YouTube user Spawn Wave released a teardown video in which he detailed what appears to be a fundamental design difference between the left and right Joy-Con controllers. While the right has a full, separate antennae, which should lead to stronger connectivity strength, the left’s antennae is build into the circuit board. A metal box positioned next to the antennae could also be interfering with signal strength, so Spawn Wave decided to run a small wire in the opposite direction to extend the antennae with less interference, attaching it to a small bit of solder located halfway down the controller. It’s then sandwiched underneath a piece of plastic, followed by the battery.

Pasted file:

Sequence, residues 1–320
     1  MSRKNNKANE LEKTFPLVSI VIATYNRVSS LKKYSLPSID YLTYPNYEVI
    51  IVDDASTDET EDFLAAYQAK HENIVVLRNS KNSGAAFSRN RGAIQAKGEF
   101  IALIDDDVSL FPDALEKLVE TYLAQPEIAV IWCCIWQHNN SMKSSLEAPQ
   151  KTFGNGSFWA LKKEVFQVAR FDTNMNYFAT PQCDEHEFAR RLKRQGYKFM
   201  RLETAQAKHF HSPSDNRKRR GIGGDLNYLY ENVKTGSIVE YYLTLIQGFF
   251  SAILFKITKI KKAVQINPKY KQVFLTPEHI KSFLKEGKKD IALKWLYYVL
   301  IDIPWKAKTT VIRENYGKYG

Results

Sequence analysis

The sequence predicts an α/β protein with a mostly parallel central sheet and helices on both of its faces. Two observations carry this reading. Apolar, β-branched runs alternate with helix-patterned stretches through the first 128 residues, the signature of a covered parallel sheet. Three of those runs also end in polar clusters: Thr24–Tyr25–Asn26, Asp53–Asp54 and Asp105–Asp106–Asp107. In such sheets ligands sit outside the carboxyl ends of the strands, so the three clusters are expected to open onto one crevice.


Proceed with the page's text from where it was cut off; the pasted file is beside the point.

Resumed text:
Once the antennae is installed, the left controller not only seems to not suffer from the same synchronization problems as before, but it even works more reliably than the right. At about about 20 feet away, the controller even works without issue when Spawn Wave puts it behind his back — an action that renders the right Joy-Con essentially unusable. At 30 feet, the right Joy-Con is completely unusable when placed behind his back, while the left Joy-Con functions without issue. It even functions perfectly when he exits the room and hides behind a wall.
While we can’t really recommend that you crack open your Joy-Con and attempt surgery yourself, the effect on connectivity is undeniable. Nintendo may very well have to issue a recall or give away redesigned Joy-Con controllers in the future if it wants to solve this problem. For now, just cross your fingers that you can find a Pro controller.
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